My Diabetes Inklings

Do’s and Don’ts of talking to a PWD

While talking about my diabetes is never an off the table topic with friends, there are ways of going about it without awkwardness. There are times where I do feel conscious about my diabetes. Particularly when I’m out and don’t want the focus to be on my pancreas but me as a person. Diabetes is only a little part of me, I’m sure my jokes, ability to laugh at anything and love for cats are the real stars of the show. 

When people do ask about my pump, CGM or BGL tester, I’m generally more than happy to answer them. But please be mindful and respectful of the way you ask something so personal as their health condition. Here’s a short Do’s and Don’ts list based from my experience.

Do ask if we’re okay or willing or happy to talk about my diabetes. If you try to get me to explain diabetes while I’m hangry and testing my BGLs just before digging into a meal, you won’t get a very nice response.

Don’t start the conversation by commenting “so you’ve had too many lollies as a child eh?”. Very not cool. No sympathy if you get something thrown at you in response.

Do take time to listen if you ask a question. Nothing more annoying and disrespectful than having someone go “SO ANYWAY…” and change the subject while you’re explaining something because you’ve asked a question. Just plain rude.

Don’t freak out and make comments like “I hate needles/blood, I could never do that”. You would if you had to. You learn to deal with it. If you ask for us to show you how we check our blood sugars, don’t turn away in disgust and make retching noises when blood appears.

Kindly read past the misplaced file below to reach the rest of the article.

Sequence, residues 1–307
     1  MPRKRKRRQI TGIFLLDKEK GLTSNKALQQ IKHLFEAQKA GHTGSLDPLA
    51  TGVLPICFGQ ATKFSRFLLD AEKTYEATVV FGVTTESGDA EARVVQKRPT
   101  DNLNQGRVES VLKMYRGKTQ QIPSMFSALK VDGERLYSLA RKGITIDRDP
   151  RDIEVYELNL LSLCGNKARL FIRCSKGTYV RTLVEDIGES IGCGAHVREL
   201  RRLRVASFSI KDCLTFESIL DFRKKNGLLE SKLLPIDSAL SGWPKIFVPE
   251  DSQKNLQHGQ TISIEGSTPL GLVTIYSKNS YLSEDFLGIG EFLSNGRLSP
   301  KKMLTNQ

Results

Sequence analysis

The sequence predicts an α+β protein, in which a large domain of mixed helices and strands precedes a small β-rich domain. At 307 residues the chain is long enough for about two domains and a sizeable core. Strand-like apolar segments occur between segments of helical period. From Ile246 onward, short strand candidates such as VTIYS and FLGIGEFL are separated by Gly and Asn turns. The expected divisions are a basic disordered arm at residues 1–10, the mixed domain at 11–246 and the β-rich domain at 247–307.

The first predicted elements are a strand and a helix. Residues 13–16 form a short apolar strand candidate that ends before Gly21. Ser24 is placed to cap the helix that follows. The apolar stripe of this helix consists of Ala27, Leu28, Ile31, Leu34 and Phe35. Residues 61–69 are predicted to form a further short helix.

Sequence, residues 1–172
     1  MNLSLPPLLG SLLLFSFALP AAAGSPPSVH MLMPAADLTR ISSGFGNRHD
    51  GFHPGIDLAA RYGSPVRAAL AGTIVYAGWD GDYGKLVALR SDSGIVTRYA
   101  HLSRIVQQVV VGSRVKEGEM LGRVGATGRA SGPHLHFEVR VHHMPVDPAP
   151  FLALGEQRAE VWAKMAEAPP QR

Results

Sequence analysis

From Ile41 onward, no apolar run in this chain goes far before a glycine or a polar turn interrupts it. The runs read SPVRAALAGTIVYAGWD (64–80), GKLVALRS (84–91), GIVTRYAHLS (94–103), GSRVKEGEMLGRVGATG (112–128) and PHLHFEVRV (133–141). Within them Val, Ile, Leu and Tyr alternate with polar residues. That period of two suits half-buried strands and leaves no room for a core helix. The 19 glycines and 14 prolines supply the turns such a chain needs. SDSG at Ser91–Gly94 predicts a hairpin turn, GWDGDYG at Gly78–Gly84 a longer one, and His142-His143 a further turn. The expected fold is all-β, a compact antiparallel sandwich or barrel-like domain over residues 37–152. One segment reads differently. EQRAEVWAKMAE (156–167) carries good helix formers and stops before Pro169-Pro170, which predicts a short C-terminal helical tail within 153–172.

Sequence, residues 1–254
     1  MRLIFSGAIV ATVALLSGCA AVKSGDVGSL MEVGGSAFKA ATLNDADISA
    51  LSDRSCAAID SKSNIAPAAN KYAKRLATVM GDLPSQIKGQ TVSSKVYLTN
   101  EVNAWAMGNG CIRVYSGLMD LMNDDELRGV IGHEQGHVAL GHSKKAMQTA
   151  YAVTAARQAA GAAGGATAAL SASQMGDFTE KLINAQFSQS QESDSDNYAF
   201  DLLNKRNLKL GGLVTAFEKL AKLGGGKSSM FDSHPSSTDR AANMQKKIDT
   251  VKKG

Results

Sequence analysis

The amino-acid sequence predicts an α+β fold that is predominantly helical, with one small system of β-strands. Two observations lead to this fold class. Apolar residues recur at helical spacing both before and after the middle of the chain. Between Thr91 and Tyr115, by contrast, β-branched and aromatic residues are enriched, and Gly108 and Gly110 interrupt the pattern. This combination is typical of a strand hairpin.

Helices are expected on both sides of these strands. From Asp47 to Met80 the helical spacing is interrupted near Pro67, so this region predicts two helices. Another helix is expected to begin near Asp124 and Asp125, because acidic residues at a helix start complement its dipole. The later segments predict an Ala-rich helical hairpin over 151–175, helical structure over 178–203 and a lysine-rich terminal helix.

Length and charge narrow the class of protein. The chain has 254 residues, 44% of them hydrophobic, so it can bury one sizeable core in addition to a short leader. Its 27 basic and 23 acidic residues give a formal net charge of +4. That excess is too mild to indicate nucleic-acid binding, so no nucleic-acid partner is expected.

Do respect our personal space and keep judgy comments to yourself. I don’t appreciate having someone look over my shoulder while I test my BGLs and comment on “whether that’s a good or bad number” or draw a sharp inhale when double digits appear.

Don’t grab or play with our insulin pumps or CGM sensor without consent. Basic manners here guys! If you knew how much they cost you wouldn’t be doing that anyway. Sure point at it and ask but please no touchy feely. I hope this never happens to me again.

Do thank us for sharing information and doing a little show and tell. It’s nice to be respectful.

Don’t offer medical advice or diet remedies to cure our diabetes. You think living with diabetes is something we consciously want? Puh-lease.

Do remember that, like you, we have a choice in everything we do. Avoid comments like “should you be eating that”, “so you’re stuck with that forever” or “I don’t see why you need that”. Wearing an insulin pump and CGM are things I choose to do. Everyone manages their diabetes differently, just like everyone have different preferences for food. If you want to learn why I choose to use certain devices, I’m more than happy to discuss it but I don’t need to justify my actions to you.

2 thoughts on “Do’s and Don’ts of talking to a PWD”

  1. Very interesting topic. Thank you for sharing?
    I do have one question if you don’t mind explaining it. How does your Insulin Pump work?

    1. Hey, thanks for dropping by!

      My insulin pump is continuously dripping fast acting insulin into me in a manner that would reflect what my pancreas would normally do. Together with my healthcare team, we decide what rates the insulin should be flowing at. The basal rate is one that runs in the background all day and each time I have carbohydrates, I calculate how many grams it is, enter it into my pump and it will calculate how much insulin I would need to cover it.

      http://www.diabetesaustralia.com.au/insulin also has a bit more information there 🙂

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